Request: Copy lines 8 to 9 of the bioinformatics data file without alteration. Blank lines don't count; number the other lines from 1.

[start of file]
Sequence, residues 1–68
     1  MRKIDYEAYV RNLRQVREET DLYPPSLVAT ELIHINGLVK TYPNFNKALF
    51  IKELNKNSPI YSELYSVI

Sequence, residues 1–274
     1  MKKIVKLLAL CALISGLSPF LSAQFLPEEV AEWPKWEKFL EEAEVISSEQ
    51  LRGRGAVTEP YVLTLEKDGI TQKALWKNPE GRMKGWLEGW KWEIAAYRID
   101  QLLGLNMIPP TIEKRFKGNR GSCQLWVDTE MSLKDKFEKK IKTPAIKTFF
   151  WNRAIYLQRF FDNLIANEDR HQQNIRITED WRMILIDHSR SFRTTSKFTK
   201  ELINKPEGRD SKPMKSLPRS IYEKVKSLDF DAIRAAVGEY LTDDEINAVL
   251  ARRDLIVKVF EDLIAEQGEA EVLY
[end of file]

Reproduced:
   151  WNRAIYLQRF FDNLIANEDR HQQNIRITED WRMILIDHSR SFRTTSKFTK
   201  ELINKPEGRD SKPMKSLPRS IYEKVKSLDF DAIRAAVGEY LTDDEINAVL